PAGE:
carb vers fuel injection - GSXR.com
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post #1 of 17 (permalink) Old 09-12-2019, 03:47 AM Thread Starter
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carb vers fuel injection

what was the last year for a 750 with a carb i HATE ALL THE COMPLICATED ELECTRONIC BULLSHIT ON BIKES NOW carbs are more simple and I don't care about mpg it's a toy
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post #2 of 17 (permalink) Old 09-12-2019, 09:52 AM
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Carburetors are even MORE fiddly than fuel injection. And if you don't know anything about tuning 4 carbs, good luck finding a shop that will even LOOK at it. That being said... The last carbureted GSXR 750 was 1997. They were a sort of hi-bred electronic carburetor...

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post #3 of 17 (permalink) Old 09-13-2019, 04:54 AM Thread Starter
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i know how to tune a carb what i dont like is being stranded because of a stupid way over priced piece of electronic shit i like things simple kinda like putting a carbed 318 in my jeep to get rid of the fucking fuel injection and all the worthless sensors that seem to fuckup at the worst possible time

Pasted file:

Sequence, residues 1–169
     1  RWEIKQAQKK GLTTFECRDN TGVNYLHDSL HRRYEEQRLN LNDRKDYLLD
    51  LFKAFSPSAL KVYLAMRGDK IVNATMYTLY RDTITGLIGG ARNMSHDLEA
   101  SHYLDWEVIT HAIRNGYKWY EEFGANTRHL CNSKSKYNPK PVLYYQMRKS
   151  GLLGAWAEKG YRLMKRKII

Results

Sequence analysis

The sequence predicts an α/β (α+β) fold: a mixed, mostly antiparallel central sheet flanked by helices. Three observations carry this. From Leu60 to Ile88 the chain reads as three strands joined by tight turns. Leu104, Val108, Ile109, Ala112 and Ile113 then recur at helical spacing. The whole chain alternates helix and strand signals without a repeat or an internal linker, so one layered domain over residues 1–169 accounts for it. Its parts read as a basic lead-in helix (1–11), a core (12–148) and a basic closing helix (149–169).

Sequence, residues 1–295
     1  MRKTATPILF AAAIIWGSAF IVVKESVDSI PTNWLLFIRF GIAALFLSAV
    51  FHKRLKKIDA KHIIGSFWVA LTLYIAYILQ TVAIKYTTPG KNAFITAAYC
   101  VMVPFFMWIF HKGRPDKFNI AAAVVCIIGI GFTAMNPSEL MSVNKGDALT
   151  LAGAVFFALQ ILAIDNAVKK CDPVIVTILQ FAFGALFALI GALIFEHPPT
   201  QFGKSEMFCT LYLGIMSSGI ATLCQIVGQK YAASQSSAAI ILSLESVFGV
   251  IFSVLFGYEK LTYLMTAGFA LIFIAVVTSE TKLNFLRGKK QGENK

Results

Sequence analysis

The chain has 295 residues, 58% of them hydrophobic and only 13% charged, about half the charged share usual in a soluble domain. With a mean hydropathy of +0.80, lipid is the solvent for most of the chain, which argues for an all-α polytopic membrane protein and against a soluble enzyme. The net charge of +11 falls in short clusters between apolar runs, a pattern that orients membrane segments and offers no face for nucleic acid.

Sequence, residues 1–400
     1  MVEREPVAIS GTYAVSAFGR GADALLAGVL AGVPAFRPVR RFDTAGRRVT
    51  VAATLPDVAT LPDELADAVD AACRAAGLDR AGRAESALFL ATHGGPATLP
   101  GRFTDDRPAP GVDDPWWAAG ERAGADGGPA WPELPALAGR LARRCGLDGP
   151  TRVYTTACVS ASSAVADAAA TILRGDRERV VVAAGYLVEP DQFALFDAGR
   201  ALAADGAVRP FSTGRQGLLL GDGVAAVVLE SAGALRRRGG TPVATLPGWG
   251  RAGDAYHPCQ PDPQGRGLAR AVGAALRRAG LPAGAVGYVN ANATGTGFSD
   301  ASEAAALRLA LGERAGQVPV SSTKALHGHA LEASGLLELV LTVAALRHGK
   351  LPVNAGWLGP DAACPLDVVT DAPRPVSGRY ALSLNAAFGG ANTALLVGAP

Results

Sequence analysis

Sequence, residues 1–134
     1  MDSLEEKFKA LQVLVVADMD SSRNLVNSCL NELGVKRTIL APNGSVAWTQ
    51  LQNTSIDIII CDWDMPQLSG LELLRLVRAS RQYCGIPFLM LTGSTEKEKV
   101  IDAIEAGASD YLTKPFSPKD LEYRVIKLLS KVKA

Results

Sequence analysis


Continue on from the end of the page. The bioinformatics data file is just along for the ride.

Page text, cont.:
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post #4 of 17 (permalink) Old 09-13-2019, 05:02 AM
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I'd choose FI over carbs. They're not that convenient. They suck when it's cold. They need to be warmed up. They're harder to start. Tuning is not easy if you don't know what you're doing, plus if you get it wrong, you have to take it apart again. FI you just plug it in the computer.

You gotta worry about your floats & bowls if parked too long.